There is also a seasonal, even pagan, aspect to Hanukkah. Celebrated on the 25th day of the Jewish month of Kislev, during the darkest days of the year, the candle-lighting holiday is a warm, cozy ritual to banish the winter blahs. The focus of the holiday is not so much going to synagogue or reading certain scriptures, but rather staying at home with friends and family, eating, playing, and just spending time together.
In the U.S., where Santa Claus rules the month of December, some Jews have incorporated a little bit of Christmas into their Hanukkah spirit. Some families opt to give gifts each night of Hanukkah; others may decorate their house with a "Hanukkah bush." Even though the two holidays have vastly different religious and historical origins and focus, both Christmas and Hanukkah are a beautiful opportunity to open up one's house and heart and spread some joy.


                         New Year's Traditions

The most commonly sung song for English-speakers on New Year's eve, "Auld Lang Syne" is an old Scottish song that was first published by the poet Robert Burns in the 1796 edition of the book, Scots Musical Museum. Burns transcribed it (and made some refinements to the lyrics) after he heard it sung by an old man from the Ayrshire area of Scotland, Burns's homeland.
It is often remarked that "Auld Lang Syne" is one of the most popular songs that nobody knows the lyrics to. "Auld Lang Syne" literally translates as "old long since" and means "times gone by." The song asks whether old friends and times will be forgotten and promises to remember people of the past with fondness, "For auld lang syne, we'll tak a cup o' kindness yet."


Oshogatsu (Japan)

The new year is the most important holiday in Japan, and is a symbol of renewal. In December, various Bonenkai or "forget-the-year parties" are held to bid farewell to the problems and concerns of the past year and prepare for a new beginning. Misunderstandings and grudges are forgiven and houses are scrubbed. At midnight on Dec. 31, Buddhist temples strike their gongs 108 times, in a effort to expel 108 types of human weakness. New Year's day itself is a day of joy and no work is to be done. Children receive otoshidamas, small gifts with money inside. Sending New Year's cards is a popular tradition—if postmarked by a certain date, the Japanese post office guarantees delivery of all New Year's cards on Jan. 1.


The Spanish ritual on New Year's eve is to eat twelve grapes at midnight. The tradition is meant to secure twelve happy months in the coming year.

The Netherlands

The Dutch burn bonfires of Christmas trees on the street and launch fireworks. The fires are meant to purge the old and welcome the new.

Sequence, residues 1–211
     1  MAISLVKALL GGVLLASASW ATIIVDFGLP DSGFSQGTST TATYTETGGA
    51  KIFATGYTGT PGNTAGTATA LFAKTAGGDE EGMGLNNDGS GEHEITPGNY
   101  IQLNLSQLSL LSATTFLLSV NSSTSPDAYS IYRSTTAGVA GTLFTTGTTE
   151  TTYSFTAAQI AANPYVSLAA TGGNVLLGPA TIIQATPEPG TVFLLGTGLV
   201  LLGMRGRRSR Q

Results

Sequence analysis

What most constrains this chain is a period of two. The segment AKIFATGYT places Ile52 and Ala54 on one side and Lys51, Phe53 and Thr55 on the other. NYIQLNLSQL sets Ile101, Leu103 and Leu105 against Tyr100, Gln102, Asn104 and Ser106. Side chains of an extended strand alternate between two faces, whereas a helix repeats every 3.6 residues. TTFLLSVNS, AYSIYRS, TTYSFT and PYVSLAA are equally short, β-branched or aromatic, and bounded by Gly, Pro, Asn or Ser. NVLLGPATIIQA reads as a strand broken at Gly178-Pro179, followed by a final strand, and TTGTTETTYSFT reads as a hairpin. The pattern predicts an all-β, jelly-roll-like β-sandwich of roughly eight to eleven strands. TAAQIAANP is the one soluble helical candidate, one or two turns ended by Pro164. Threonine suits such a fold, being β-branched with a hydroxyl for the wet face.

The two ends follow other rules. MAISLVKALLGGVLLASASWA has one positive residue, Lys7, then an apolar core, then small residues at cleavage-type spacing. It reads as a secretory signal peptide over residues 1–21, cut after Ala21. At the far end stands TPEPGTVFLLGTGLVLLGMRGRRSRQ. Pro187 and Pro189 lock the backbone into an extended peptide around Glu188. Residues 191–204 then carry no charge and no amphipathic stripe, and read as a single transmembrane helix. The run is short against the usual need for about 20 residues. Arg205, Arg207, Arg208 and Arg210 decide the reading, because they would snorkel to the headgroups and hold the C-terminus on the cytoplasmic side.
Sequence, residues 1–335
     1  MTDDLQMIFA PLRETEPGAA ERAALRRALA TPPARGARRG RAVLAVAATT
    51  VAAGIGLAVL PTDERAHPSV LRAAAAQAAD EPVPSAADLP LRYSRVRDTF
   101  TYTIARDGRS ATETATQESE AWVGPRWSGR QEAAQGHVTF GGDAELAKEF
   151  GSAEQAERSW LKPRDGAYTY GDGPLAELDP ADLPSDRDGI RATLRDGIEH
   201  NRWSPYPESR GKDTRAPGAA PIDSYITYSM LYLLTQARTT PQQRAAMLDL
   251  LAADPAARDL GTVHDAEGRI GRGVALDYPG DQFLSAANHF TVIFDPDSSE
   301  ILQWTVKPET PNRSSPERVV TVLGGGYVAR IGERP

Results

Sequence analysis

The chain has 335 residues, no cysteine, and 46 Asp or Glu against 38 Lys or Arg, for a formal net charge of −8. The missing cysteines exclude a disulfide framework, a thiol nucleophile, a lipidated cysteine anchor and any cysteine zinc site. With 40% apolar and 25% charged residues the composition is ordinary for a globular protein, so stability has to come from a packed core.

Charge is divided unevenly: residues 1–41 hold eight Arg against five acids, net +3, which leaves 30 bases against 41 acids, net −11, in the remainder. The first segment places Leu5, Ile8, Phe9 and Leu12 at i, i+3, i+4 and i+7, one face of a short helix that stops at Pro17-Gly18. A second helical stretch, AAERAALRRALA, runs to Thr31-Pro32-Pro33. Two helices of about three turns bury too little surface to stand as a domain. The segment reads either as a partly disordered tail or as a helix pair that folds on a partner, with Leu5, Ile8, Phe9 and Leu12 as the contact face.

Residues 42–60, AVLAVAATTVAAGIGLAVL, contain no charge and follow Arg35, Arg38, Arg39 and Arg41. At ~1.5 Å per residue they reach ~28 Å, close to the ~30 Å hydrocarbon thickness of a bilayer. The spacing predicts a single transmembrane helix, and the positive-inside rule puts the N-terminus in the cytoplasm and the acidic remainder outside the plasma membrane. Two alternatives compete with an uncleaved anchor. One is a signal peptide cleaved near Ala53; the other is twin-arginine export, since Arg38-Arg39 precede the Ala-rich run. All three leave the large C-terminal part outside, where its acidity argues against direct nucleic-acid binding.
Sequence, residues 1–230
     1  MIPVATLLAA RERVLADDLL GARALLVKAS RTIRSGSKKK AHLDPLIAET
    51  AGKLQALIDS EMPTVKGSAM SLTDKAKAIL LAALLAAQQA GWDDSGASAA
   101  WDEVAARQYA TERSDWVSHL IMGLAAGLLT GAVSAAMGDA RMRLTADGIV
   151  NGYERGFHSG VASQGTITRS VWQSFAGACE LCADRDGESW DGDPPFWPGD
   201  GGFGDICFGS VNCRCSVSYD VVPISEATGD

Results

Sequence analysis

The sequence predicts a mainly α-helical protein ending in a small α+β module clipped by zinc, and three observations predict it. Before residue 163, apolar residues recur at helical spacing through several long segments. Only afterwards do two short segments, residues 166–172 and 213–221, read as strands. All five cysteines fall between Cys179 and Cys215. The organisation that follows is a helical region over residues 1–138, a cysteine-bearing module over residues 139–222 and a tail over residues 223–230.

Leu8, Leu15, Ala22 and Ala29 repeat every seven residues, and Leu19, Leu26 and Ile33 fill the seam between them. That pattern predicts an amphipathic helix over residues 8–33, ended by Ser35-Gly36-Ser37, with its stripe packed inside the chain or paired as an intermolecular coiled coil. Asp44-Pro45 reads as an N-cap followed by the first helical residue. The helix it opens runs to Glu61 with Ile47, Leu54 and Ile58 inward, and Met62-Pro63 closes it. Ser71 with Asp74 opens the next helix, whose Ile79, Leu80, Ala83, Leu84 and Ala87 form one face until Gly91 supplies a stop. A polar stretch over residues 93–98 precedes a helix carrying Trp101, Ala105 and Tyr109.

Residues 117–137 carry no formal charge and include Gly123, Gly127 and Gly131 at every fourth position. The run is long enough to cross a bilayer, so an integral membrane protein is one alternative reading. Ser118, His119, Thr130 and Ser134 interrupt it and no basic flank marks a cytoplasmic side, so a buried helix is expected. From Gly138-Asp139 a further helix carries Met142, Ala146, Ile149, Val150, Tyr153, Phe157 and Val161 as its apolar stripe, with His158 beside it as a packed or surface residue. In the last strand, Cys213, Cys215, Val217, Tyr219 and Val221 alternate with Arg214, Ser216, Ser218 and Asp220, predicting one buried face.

In Greece, New Year's day is also the Festival of St. Basil, one of the founders of the Greek Orthodox Church. One of the traditional foods served is Vassilopitta, or St Basil's cake. A silver or gold coin is baked inside the cake. Whoever finds the coin in their piece of cake will be especially lucky during the coming year.

United States

Probably the most famous tradition in the United States is the dropping of the New Year ball in Times Square, New York City, at 11:59 P.M. Thousands gather to watch the ball make its one-minute descent, arriving exactly at midnight. The tradition first began in 1907. The original ball was made of iron and wood; the current ball is made of Waterford Crystal, weighs 1,070 pounds, and is six feet in diameter.
A traditional southern New Year's dish is Hoppin' John—black eyed peas and ham hocks. An old saying goes, "Eat peas on New Year's day to have plenty of everything the rest of the year."
Another American tradition is the Rose Bowl in Pasadena, California. The Tournament of Roses parade that precedes the football game on New Year's day is made up of elaborate and inventive floats. The first parade was held in 1886.


Widely Observed New Year Symbols and Traditions!

Resolutions: It is believed that the Babylonians were the first to make New Year's resolutions, and people all over the world have been breaking them ever since. The early Christians believed the first day of the new year should be spent reflecting on past mistakes and resolving to improve oneself in the new year.

Fireworks: Noisemaking and fireworks on New Year's eve is believed to have originated in ancient times, when noise and fire were thought to dispel evil spirits and bring good luck. The Chinese are credited with inventing fireworks and use them to spectacular effect in their New Year's celebrations.

New Year's Celebrations

"Auld Lang Syne

Read more: New Year's Traditions |